State Water Resources Research Institute Program

Project ID: 2009MT189B
Title: Tracking Human-Derived Nitrogen through Stream Food Webs in a Rapidly Developing Mountain Watershed
Project Type: Research
Start Date: 3/01/2009
End Date: 2/28/2011
Congressional District: At-Large
Focus Categories: Ecology, Nutrients, Wastewater
Keywords: Food webs, Invertebrates, Fishes, Eutrophication, Nutrients, Nitrogen, Stable Isotope Analysis, West Fork of Gallatin River
Principal Investigator: Cross, Wyatt; McGlynn, Brian Leonard (Montana State University)
Federal Funds: $ 16,740
Non-Federal Matching Funds: $ 33,492
Abstract: Nutrient enrichment of stream ecosystems is occurring globally and often has pronounced effects on water quality and ecosystem structure and function. In mountainous regions of the western U.S., the effects of elevated nutrients may be particularly acute because of naturally-low background concentrations, and accelerated population growth and land conversion in predominantly wildland areas. Although many studies have examined nutrient enrichment effects on streams, few have explicitly tracked the origins, fate, and community-level consequences of human-derived nutrients. Here we propose a collaborative study that utilizes stable isotopes of nitrogen (15N and 14N) as a natural tracer of human-derived wastewater to mechanistically link elevated nutrient concentrations to changes in stream community structure. Research will be conducted in the West Fork watershed of the Gallatin River, a site of rapid land use change associated with the Big Sky Ski Resort. This watershed represents an ideal study location given the large amount of previous research on nitrogen dynamics (McGlynn's Laboratory), established differences in stable isotope values of human wastewater and natural sources of nitrogen, and the broad range of stream sites that are physically similar, but vary in magnitude of wastewater input and nitrogen concentrations. Our primary objectives are to (1) quantify spatial and temporal variability of N isotope values in algae, invertebrates and fishes throughout the West Fork watershed to characterize the degree to which human-derived N is utilized by stream food webs; and (2) quantify the community-level consequences of human-derived N by relating spatial variability in stream community structure (invertebrate abundance, biomass, diversity, and trophic structure) to variation in wastewater subsidies. We will accomplish these objectives through seasonal synoptic sampling of algae, invertebrates and fish for isotope analysis, and quantitative sampling of invertebrate community structure. This proposal represents the initiation of a long-term collaboration on food web and ecosystem-level consequences of land use change in the West Fork watershed. Results will be invaluable for developing cost-effective indices of stream 'health' in this region, and as a 'proof-of-concept' for other rapidly developing mountain areas in Montana and beyond.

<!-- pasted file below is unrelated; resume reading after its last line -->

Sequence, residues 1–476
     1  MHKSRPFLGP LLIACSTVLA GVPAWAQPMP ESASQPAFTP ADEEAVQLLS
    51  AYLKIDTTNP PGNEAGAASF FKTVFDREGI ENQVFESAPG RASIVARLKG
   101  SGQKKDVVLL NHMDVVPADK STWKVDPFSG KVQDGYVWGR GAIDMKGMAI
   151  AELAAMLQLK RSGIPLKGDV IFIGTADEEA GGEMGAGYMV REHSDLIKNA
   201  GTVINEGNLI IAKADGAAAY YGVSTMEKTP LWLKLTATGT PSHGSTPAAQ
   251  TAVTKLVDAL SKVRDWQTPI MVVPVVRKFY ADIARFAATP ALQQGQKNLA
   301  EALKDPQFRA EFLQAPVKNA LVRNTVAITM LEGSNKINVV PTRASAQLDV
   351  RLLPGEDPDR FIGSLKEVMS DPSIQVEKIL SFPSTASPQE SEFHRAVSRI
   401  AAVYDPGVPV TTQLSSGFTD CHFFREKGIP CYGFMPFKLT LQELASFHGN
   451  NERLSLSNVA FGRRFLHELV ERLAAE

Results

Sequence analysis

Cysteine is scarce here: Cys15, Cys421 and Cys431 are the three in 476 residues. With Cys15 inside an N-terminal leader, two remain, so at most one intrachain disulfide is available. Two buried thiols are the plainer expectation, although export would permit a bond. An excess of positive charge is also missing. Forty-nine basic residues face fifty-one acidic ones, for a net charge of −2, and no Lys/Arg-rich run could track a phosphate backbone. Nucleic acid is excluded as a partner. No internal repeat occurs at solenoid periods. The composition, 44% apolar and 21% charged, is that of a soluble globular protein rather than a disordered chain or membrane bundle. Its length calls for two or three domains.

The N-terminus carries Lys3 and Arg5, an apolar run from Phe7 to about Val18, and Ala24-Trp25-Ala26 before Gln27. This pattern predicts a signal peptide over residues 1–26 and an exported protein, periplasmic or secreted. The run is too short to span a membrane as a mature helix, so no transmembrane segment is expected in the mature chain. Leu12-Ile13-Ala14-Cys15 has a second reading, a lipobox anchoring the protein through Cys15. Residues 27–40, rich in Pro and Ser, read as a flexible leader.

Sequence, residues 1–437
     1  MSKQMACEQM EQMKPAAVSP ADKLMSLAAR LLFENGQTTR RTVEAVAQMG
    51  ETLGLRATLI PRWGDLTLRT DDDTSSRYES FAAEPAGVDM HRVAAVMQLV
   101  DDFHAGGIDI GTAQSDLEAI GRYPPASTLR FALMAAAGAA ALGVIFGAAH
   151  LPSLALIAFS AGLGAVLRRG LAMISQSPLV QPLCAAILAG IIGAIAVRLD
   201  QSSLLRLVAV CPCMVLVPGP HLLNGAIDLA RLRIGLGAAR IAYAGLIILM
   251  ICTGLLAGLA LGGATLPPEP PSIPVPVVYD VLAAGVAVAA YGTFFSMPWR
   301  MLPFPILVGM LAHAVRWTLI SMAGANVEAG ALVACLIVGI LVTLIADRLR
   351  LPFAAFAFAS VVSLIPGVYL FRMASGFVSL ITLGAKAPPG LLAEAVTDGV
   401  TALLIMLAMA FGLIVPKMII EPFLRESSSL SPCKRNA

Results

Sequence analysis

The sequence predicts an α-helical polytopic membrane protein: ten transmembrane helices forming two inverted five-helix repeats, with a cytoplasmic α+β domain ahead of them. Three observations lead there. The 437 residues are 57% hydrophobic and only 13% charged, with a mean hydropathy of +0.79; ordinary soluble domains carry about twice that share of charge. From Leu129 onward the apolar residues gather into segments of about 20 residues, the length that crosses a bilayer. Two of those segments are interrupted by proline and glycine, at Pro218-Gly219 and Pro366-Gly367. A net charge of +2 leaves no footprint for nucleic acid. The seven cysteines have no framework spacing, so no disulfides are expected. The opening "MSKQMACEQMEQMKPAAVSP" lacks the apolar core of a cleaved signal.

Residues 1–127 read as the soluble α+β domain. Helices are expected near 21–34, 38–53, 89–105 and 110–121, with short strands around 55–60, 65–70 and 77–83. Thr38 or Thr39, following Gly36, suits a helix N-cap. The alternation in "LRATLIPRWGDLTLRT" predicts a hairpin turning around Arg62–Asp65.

Progress/Completion Report, 2009, PDF
Progress/Completion Report, 2010, PDF

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